Defense Department hacker gets 21-month sentence

The attack was launched by international hacking gang Thr34t Krew

A 21-year old Indiana resident was slapped with a 21-month jail sentence for his role in a hacking attack that compromised computers at the U.S. Department of Defense, according to law enforcement officials.

Raymond Paul Steigerwalt, a former member of the international hacking gang Thr34t Krew (TK), was sentenced last Friday on one count of conspiracy to commit fraud and related activity in connection with computers and one count of possession of child pornography, officials said. In addition to the jail time, he was also ordered to pay restitution of $12,000 to the Defense Department.

The hacking attack launched by TK took place between October 2002 and March 2003, according to U.S. Attorney for the Eastern District of Virginia Paul McNulty.

Steigerwalt and his gang were accused of creating a worm that infected Internet-connected computers. The worm installed a Trojan software program, allowing TK to control the infected machines. At least two computers at the Defense Department were infected, McNulty's office said. It was not clear what damage was done.

Steigerwalt's sentencing came as a result of an investigation involving the Defense Department, the FBI, the U.S. Army Criminal Investigation Command, the U.S. Secret Service, the Air Force Office of Special Investigations, the Riverside California County Sheriff's Office and NASA.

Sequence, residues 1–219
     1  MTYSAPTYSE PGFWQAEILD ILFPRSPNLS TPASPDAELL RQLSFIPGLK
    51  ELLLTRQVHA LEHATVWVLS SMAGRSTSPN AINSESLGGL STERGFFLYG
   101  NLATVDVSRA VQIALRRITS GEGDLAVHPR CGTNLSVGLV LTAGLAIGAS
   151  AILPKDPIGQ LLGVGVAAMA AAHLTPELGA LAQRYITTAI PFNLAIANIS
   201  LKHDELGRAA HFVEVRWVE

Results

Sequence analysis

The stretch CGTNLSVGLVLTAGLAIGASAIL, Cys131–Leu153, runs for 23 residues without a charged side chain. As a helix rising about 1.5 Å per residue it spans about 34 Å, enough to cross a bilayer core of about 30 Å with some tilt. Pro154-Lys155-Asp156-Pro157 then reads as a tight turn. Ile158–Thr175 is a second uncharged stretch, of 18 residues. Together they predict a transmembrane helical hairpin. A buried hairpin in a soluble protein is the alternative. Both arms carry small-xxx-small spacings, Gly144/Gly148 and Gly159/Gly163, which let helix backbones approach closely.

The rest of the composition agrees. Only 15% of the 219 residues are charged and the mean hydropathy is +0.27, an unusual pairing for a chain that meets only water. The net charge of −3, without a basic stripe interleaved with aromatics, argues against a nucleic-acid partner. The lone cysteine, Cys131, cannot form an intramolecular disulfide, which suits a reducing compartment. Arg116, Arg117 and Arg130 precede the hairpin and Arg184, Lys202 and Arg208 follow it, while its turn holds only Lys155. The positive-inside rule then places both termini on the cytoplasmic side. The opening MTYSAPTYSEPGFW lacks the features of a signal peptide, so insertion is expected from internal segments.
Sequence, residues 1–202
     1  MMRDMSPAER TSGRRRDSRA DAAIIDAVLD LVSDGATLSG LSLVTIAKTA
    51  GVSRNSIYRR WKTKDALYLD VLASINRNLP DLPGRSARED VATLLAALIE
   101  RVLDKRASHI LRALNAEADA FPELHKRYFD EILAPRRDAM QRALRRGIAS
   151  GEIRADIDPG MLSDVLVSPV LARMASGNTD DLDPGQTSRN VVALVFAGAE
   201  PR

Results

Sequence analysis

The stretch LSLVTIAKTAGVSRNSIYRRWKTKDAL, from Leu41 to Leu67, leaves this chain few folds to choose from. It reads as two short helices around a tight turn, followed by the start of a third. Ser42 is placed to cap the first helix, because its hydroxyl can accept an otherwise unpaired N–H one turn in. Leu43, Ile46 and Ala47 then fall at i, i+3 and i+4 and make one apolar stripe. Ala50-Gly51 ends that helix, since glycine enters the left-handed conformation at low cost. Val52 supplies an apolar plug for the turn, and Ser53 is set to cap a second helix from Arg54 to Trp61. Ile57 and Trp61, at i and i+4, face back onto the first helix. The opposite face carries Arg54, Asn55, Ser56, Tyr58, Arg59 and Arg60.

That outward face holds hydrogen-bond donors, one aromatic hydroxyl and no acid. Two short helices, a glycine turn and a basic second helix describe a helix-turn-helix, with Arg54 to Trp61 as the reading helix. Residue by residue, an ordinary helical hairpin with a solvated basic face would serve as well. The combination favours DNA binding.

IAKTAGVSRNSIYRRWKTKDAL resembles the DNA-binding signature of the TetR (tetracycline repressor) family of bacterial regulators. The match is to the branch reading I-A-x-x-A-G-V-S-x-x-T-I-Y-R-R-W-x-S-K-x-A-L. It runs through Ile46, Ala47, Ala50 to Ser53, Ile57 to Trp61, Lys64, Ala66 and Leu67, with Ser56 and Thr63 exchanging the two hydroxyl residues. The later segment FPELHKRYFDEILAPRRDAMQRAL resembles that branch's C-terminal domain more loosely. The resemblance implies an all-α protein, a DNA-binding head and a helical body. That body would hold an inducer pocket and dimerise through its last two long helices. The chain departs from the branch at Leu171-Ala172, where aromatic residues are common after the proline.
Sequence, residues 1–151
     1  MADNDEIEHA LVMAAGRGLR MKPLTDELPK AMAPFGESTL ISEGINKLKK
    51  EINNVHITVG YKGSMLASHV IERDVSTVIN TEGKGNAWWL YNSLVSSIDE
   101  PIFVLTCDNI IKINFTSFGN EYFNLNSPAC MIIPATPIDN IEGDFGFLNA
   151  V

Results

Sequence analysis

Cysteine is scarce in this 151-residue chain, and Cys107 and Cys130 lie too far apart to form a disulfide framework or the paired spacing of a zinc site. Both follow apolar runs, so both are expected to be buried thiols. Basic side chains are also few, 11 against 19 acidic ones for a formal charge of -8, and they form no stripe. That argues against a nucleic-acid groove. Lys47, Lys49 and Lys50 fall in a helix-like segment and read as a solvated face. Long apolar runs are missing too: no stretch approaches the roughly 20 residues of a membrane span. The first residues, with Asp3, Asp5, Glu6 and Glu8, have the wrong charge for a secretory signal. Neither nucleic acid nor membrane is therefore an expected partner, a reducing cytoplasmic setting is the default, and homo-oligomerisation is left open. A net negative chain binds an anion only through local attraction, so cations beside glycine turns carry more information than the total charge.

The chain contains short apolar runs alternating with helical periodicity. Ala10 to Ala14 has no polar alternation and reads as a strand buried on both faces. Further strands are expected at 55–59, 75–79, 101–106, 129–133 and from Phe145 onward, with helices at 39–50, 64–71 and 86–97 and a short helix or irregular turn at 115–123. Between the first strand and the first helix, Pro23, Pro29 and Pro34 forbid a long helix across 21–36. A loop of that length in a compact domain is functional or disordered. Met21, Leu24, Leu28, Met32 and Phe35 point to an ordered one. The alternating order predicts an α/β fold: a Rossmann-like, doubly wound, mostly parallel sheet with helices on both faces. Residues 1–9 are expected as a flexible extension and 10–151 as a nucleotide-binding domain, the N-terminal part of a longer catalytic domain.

Two other men in northeast England were held in 2003 for their part in creating the TK Trojan. At the time, the U.K.'s National Hi-Tech Crime Unit said that the virus had infected approximately 18,000 computers around the world, causing an estimated $10.3 million in damages.

Steigerwalt's sentencing last week represents a small victory for law enforcement officials, but the incident could still prove somewhat embarrassing for the Defense Department, according to Graham Cluley, a senior technology consultant at Sophos PLC. "Most of these government agencies are pretty clued in on security threats, but the problem is that they only need to be unlucky once to have egg on their face," he said.

International hacking groups like Thr34t Krew appear to be on the rise and are increasingly focusing on moneymaking schemes, Cluley said.

Security experts are warning organizations to be aware of sophisticated attacks designed to steal information or conduct extortion by threatening to launch a denial-of-service attack against a Web site unless money is paid, for instance.

Earlier this week it was revealed that data theft reported at Cisco Systems Inc. last year is now believed to be part of a larger incident involving the break-in of servers in several countries. Some of the attacks are also thought to have been directed at U.S. government agencies.

Copyright © 2005 IDG Communications, Inc.

  
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